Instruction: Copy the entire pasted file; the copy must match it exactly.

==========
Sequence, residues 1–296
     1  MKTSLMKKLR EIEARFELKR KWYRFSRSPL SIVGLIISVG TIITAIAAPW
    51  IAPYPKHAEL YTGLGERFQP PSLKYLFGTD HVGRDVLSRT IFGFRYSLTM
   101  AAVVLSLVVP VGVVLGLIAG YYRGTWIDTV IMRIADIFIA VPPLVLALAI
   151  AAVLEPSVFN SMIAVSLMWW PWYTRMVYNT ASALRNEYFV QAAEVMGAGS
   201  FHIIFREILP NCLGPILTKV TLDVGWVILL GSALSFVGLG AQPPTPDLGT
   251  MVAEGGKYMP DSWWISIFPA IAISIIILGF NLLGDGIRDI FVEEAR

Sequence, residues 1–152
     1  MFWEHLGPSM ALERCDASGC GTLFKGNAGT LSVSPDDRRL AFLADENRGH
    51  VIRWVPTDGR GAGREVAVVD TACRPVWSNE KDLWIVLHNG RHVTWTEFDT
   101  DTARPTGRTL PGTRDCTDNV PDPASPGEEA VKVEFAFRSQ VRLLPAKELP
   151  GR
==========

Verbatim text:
Sequence, residues 1–296
     1  MKTSLMKKLR EIEARFELKR KWYRFSRSPL SIVGLIISVG TIITAIAAPW
    51  IAPYPKHAEL YTGLGERFQP PSLKYLFGTD HVGRDVLSRT IFGFRYSLTM
   101  AAVVLSLVVP VGVVLGLIAG YYRGTWIDTV IMRIADIFIA VPPLVLALAI
   151  AAVLEPSVFN SMIAVSLMWW PWYTRMVYNT ASALRNEYFV QAAEVMGAGS
   201  FHIIFREILP NCLGPILTKV TLDVGWVILL GSALSFVGLG AQPPTPDLGT
   251  MVAEGGKYMP DSWWISIFPA IAISIIILGF NLLGDGIRDI FVEEAR

Sequence, residues 1–152
     1  MFWEHLGPSM ALERCDASGC GTLFKGNAGT LSVSPDDRRL AFLADENRGH
    51  VIRWVPTDGR GAGREVAVVD TACRPVWSNE KDLWIVLHNG RHVTWTEFDT
   101  DTARPTGRTL PGTRDCTDNV PDPASPGEEA VKVEFAFRSQ VRLLPAKELP
   151  GR